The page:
Three state agencies, including the Department of Environmental Protection, and local fishing guide Allan Bright sued Mr. Beaver and the club four years ago because they treated a 1.3-mile section of the river near Spruce Creek as members-only water.

Earlier this year, Huntingdon County Common Pleas Judge Stewart Kurtz ruled in the state's favor. Subsequently, Mr. Beaver was ordered not to post or hang signs on the stream, not to "threaten, harass or otherwise attempt to exclude the public" from the water and streambed, and not to advertise the river as private.

In recent months, however, "no trespassing" signs and metal posts with bright orange caps had been posted in and along the Little Juniata on the side opposite the railroad tracks, where Mr. Beaver owns land for the Spring Ridge Club, a private fishing organization that charges up to $80,000 for membership and thousands more in annual fees. The metal posts and most of those signs have since been removed.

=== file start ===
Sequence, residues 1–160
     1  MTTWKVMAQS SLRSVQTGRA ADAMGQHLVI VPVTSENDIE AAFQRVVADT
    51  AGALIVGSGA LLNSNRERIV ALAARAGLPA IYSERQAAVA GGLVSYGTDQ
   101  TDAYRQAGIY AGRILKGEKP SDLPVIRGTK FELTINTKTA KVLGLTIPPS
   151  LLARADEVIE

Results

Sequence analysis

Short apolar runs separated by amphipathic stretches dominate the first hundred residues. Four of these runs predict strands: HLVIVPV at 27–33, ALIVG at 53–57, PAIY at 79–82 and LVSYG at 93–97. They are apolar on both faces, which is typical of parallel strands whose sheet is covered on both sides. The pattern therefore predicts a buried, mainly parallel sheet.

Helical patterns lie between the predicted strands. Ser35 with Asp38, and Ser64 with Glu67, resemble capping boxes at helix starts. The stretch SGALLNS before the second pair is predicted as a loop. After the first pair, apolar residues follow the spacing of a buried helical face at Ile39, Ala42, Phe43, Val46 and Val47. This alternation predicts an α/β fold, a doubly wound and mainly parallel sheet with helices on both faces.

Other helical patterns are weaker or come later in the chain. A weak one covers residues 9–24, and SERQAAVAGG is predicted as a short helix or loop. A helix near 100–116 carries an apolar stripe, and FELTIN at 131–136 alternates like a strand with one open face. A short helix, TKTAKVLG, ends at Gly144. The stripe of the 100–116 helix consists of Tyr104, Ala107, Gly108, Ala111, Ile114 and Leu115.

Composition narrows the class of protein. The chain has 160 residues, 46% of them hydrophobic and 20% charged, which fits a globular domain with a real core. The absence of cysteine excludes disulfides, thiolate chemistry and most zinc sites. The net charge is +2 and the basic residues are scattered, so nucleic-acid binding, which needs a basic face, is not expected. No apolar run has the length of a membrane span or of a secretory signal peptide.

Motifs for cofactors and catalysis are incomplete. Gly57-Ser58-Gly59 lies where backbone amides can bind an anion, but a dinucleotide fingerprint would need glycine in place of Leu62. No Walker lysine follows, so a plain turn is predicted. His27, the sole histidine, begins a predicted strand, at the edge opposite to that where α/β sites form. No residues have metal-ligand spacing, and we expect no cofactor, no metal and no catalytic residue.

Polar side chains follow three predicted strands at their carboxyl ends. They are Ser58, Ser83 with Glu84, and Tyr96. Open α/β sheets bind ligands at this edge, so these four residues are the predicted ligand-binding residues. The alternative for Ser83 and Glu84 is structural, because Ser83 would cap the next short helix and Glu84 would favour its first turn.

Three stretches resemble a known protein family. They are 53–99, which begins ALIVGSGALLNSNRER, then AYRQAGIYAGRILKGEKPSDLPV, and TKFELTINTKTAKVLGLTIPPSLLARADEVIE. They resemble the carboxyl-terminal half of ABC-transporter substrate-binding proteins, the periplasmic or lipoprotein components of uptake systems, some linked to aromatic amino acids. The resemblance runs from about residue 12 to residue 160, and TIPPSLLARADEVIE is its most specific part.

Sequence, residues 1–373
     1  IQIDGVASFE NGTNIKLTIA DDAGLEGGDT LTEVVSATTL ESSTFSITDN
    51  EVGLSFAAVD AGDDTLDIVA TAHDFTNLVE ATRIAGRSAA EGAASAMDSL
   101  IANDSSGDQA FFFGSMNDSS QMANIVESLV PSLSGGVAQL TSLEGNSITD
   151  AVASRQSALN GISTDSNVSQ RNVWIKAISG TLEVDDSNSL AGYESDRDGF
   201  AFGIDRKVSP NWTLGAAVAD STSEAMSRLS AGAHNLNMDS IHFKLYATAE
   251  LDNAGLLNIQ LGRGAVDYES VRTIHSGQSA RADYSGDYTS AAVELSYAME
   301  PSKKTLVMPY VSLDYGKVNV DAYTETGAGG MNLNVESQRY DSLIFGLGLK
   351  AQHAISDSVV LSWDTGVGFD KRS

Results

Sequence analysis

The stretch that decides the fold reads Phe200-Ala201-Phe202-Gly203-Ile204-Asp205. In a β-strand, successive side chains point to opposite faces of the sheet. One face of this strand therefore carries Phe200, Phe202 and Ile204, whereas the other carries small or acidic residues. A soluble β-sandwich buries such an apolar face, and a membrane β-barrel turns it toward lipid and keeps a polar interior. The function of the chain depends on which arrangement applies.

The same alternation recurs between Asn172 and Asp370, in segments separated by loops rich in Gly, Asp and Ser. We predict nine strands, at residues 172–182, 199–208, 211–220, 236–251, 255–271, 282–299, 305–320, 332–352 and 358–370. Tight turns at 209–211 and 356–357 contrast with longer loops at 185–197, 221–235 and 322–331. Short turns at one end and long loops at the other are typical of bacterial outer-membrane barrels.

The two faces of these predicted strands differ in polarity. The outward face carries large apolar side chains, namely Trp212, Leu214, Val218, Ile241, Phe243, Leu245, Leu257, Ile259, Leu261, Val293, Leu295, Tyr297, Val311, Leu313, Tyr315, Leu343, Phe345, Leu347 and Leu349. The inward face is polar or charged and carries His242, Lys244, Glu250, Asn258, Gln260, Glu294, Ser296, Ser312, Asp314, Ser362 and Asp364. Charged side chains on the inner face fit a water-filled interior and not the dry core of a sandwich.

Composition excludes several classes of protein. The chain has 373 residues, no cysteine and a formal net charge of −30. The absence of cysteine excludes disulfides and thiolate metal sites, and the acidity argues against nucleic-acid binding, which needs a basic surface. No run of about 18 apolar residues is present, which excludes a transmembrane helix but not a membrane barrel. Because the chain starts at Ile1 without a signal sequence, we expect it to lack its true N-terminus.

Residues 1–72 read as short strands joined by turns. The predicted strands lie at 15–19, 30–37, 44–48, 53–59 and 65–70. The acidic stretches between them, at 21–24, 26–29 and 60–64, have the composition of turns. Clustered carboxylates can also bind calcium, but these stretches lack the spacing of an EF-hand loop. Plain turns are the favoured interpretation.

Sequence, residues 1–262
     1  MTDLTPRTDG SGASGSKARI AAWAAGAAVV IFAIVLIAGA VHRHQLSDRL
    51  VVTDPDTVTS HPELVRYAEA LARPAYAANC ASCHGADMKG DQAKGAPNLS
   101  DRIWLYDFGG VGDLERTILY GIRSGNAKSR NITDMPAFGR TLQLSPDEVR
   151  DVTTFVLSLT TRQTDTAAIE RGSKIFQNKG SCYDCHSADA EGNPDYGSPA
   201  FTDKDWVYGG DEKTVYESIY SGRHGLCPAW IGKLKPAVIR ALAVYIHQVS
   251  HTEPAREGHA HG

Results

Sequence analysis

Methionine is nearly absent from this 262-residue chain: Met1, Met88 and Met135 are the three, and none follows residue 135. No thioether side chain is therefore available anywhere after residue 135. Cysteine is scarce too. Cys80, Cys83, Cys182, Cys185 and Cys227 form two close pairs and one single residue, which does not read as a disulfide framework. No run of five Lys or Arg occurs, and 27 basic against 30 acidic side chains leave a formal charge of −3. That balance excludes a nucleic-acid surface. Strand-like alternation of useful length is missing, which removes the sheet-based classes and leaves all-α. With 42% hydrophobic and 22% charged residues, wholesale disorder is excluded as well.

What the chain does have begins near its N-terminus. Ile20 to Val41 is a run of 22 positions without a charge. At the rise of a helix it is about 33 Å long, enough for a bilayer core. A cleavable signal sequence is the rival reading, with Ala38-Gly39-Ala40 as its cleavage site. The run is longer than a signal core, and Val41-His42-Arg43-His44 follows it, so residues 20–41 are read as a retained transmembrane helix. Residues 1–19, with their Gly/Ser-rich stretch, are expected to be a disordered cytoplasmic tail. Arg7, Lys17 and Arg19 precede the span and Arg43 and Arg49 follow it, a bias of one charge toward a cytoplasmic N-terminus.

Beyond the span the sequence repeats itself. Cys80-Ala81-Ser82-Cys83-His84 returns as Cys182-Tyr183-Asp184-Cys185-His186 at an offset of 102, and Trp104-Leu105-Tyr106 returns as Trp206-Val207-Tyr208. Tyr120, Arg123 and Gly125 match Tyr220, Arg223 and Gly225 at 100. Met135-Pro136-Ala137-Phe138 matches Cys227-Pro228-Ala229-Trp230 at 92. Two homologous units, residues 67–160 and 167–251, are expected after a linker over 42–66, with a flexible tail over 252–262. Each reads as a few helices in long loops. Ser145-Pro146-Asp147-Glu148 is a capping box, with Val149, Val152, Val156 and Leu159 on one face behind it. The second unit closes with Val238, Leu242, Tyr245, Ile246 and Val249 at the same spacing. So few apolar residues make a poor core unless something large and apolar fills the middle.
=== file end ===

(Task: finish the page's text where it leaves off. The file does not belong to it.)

Mr. Beaver appealed the judge's decision last month in a case that probably will be argued early next year.
Stan Stein, the attorney for Mr. Bright, who is seeking damages over income he claims he lost for all those years that the club advertised the Little Juniata as private, said the railroad issue "will have no effect on the appeal, but it may have an effect on how and whether the court might be asked to enforce the court order."